Chuck's earlier post on dialogue is an excellent clarification of what a lot of writers sort of "know" about dialogue murkily waaay back in their subconscious. They know when they read or hear great dialogue, but they haven't put their fingers on why it's so great. Chuck pretty much nails it down in this post.
And because I love The Wire, I can't wait for next week's Wire University.
Thursday, February 11, 2010
Well, I just do it. I make the time, I fricking sit down when I'm tired and want to watch "The Good Wife" and I type stuff until I can't see straight.
And then sometimes I don't.
The truth is that it's really really really hard. Yes, that's three "reallys." So you have to want it really x 4 bad. And some days I don't want it bad enough.
Like last night. Work is heinously busy. In the long run, this is a good thing, and I'm grateful for my job and it's interesting and I learn things and... I could go on, but why? But all day I multi-task. From 9am - 7 or 8pm, I'm doing three to eight things at once. It's a tad insane.
So when I got home last night, my brain just shut off. I tried to do some yoga, and I kept bumping into stuff. Probably because I was doing laundry, fending off cats, and solving work problems in my head at the same time. Multi tasking again.
So after the fourth whack, bruising some bony spot on my body, I decided to just sit the hell down and do one thing at a time. And since I needed to do laundry, eat, and shower more than I needed to write, I did those things. I didn't write a word.
I got all frustrated about it at first. I raged about how there isn't enough time to do everything I need to do (like, uh, clean my apartment. Just ignore the dust hippos in the corners, thanks.) I'm really impatient with myself sometimes. I want to just finish this fricking book and be published and HURRY UP AND MAKE MY DREAMS COME TRUE!
Generally I'm a patient, non-angry type. Then it burbles up. Whatareyagonnado? I'm human. After a bit I calmed down, did laundry, showered, and ate, in sequence, not all at once, and felt at least slightly sane. And went to bed.
Earning money, eating, sleeping, these things do have to come first. And if you can't do them AND write, then give yourself a break and write tomorrow. Yeah yeah, you're supposed to write every single day to stay in practice, and Butt In Chair = A Real Writer, and all that crap. But it's not worth losing your sanity over. Sometimes you just have to sit still and do one thing at a time. Eventually you'll find the time to write.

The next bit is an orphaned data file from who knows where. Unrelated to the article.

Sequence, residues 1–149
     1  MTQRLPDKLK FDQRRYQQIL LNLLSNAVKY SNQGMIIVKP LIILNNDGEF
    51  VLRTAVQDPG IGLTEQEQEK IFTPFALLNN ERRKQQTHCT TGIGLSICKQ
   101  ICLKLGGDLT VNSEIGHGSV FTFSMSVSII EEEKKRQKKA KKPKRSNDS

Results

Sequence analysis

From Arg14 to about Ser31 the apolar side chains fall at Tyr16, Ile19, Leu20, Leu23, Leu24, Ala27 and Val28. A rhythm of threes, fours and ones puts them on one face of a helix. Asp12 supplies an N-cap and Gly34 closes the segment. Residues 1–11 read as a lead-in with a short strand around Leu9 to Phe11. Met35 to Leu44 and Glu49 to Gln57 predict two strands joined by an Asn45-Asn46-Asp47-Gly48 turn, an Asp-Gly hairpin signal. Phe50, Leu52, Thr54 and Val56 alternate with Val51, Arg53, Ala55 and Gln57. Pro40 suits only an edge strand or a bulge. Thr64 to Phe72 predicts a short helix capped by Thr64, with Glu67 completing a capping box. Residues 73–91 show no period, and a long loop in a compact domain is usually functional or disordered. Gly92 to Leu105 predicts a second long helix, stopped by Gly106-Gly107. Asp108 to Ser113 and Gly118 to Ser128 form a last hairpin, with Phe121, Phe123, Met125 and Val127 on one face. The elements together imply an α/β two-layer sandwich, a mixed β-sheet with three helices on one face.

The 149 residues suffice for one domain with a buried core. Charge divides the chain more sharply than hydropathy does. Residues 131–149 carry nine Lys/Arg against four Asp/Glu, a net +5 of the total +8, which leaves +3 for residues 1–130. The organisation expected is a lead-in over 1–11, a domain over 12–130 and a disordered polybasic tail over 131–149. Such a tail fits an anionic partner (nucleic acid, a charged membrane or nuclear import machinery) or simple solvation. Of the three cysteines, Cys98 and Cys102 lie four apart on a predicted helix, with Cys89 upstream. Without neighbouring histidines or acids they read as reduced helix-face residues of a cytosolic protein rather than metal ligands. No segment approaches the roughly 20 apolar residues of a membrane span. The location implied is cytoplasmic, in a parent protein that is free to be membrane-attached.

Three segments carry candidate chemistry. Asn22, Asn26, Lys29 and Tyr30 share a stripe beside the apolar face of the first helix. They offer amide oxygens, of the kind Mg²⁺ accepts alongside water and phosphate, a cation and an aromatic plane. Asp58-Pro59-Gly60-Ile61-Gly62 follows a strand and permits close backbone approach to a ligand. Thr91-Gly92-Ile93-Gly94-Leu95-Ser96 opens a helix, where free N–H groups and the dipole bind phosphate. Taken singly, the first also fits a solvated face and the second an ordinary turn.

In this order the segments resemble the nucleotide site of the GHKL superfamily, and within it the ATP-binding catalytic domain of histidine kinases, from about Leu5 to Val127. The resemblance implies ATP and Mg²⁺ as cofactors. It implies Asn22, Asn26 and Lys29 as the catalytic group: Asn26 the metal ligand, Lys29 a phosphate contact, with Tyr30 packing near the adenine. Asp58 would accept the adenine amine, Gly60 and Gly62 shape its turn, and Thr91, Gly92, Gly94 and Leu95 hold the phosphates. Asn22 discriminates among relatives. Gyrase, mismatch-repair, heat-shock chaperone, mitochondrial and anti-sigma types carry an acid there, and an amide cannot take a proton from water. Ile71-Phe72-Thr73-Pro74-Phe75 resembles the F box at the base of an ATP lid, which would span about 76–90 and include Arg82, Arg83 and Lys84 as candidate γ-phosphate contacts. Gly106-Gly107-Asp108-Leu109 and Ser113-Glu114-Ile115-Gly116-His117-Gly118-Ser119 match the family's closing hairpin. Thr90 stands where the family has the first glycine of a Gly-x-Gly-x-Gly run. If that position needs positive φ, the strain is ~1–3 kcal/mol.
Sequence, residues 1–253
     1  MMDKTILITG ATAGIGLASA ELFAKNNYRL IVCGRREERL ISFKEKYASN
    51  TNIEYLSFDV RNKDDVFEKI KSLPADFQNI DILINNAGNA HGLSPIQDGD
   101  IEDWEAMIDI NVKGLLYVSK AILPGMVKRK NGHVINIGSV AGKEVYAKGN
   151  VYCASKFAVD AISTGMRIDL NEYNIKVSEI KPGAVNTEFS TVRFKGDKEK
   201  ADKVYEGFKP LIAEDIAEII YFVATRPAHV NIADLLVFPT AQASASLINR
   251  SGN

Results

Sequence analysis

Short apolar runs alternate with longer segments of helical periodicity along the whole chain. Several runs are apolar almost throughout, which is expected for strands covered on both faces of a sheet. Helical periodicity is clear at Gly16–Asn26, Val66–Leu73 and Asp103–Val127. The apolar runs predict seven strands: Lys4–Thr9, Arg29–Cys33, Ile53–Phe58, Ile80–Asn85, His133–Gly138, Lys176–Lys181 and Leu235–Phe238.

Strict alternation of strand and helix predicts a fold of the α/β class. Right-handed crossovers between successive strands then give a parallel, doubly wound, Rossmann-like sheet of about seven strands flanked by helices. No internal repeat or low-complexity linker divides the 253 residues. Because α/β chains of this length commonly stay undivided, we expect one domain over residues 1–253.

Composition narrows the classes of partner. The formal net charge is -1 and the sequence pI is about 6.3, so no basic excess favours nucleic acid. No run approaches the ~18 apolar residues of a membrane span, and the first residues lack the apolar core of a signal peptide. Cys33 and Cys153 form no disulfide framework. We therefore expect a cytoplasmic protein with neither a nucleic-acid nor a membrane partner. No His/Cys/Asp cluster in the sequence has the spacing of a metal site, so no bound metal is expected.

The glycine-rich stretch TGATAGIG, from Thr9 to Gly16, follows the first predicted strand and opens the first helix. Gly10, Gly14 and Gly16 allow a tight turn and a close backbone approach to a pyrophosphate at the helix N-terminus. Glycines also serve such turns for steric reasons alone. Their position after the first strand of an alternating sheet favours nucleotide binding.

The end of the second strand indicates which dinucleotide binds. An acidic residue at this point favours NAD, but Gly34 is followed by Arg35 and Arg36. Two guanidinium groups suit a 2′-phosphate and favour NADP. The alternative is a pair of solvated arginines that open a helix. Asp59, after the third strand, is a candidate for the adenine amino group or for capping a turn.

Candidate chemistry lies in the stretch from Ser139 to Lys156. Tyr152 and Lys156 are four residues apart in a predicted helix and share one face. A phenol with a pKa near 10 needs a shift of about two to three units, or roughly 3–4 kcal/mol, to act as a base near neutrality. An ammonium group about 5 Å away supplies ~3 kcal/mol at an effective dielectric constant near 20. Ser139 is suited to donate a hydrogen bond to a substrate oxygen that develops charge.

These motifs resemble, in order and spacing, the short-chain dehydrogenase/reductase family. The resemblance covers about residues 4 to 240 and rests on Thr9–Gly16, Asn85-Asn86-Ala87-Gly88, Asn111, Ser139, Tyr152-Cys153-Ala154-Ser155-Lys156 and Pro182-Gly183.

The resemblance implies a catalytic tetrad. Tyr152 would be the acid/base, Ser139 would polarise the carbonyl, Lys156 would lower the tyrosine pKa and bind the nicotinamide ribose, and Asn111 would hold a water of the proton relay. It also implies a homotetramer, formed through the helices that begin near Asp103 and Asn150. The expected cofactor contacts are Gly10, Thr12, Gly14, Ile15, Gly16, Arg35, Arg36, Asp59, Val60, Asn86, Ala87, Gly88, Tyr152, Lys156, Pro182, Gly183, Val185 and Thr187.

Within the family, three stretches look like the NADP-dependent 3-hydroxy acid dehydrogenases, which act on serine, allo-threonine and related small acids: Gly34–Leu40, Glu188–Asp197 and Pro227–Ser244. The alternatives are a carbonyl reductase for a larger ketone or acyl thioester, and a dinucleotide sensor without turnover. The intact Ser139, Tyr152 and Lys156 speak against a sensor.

For me, this three-day weekend is a huge blessing. I'll have time to chill, write, and see friends. All are necessary to feel halfway okay in life. But it doesn't have to happen all at once every day. One thing at a time.
Monday, February 08, 2010
Right now I'm reading a sample TV script for a detective show that has very high ratings. And the script is really good, written by a young, new writer. But it's hard to get through because it's so damned familiar. I'd much rather read something original that the writer made up themselves. Yes, that is much harder than writing a sample of an existing series. And yes, a sample of an existing series tells us the writer can imitate a series' "voice" (a very important trait in a TV writer). Lots of contests and workshops require you to write an existing show as well, so this sample is quite good for those purposes.
But it's so much more fun to read something new and different, and not to know exactly where the story will go or what the characters will do. You can't really surprise your reader if you write an existing show. And you can't really show off your own voice and writing chops in the same way as if you wrote something original. Even at the baby writer level, execs want to staff someone with a bit of a vision, a strong voice, and the sophistication to write their own pilot. It's a lot to ask, but it's also one of the most competitive jobs in the world.
So, when in doubt, write an original pilot spec script for TV. Your reader will thank you.
Friday, February 05, 2010
On the other hand, two pages a day is ten pages a week, which is about a chapter in YA. Should be about two or three chapters left in this story, so that means the first draft should be done by the end of the month, right?
Assuming nothing else happens to interfere!
And it's a rainy weekend ahead, so maybe I'll get ahead of that schedule soon.
Juggle juggle juggle.
Wednesday, February 03, 2010